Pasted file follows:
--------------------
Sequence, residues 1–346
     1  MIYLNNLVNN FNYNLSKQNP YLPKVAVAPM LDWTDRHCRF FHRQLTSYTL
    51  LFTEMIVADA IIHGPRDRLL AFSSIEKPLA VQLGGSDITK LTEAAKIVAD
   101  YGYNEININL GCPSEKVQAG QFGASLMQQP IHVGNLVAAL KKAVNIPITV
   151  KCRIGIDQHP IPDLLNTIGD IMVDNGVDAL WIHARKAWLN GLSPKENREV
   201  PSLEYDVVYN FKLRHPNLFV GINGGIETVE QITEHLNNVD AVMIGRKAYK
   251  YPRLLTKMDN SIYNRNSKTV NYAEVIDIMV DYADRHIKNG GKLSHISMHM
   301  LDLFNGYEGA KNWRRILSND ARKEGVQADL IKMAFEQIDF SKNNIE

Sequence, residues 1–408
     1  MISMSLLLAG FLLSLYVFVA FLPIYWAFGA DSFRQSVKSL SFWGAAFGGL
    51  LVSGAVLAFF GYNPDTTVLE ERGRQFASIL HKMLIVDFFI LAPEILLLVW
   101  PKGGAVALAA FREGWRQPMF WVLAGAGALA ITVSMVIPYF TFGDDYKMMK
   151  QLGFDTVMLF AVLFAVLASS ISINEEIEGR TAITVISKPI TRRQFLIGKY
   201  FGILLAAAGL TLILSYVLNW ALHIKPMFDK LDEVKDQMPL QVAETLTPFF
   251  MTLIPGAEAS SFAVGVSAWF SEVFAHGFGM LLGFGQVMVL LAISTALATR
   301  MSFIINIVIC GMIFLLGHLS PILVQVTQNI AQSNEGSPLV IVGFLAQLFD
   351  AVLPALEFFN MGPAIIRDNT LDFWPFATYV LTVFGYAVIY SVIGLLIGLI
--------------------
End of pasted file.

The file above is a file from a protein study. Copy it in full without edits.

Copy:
Sequence, residues 1–346
     1  MIYLNNLVNN FNYNLSKQNP YLPKVAVAPM LDWTDRHCRF FHRQLTSYTL
    51  LFTEMIVADA IIHGPRDRLL AFSSIEKPLA VQLGGSDITK LTEAAKIVAD
   101  YGYNEININL GCPSEKVQAG QFGASLMQQP IHVGNLVAAL KKAVNIPITV
   151  KCRIGIDQHP IPDLLNTIGD IMVDNGVDAL WIHARKAWLN GLSPKENREV
   201  PSLEYDVVYN FKLRHPNLFV GINGGIETVE QITEHLNNVD AVMIGRKAYK
   251  YPRLLTKMDN SIYNRNSKTV NYAEVIDIMV DYADRHIKNG GKLSHISMHM
   301  LDLFNGYEGA KNWRRILSND ARKEGVQADL IKMAFEQIDF SKNNIE

Sequence, residues 1–408
     1  MISMSLLLAG FLLSLYVFVA FLPIYWAFGA DSFRQSVKSL SFWGAAFGGL
    51  LVSGAVLAFF GYNPDTTVLE ERGRQFASIL HKMLIVDFFI LAPEILLLVW
   101  PKGGAVALAA FREGWRQPMF WVLAGAGALA ITVSMVIPYF TFGDDYKMMK
   151  QLGFDTVMLF AVLFAVLASS ISINEEIEGR TAITVISKPI TRRQFLIGKY
   201  FGILLAAAGL TLILSYVLNW ALHIKPMFDK LDEVKDQMPL QVAETLTPFF
   251  MTLIPGAEAS SFAVGVSAWF SEVFAHGFGM LLGFGQVMVL LAISTALATR
   301  MSFIINIVIC GMIFLLGHLS PILVQVTQNI AQSNEGSPLV IVGFLAQLFD
   351  AVLPALEFFN MGPAIIRDNT LDFWPFATYV LTVFGYAVIY SVIGLLIGLI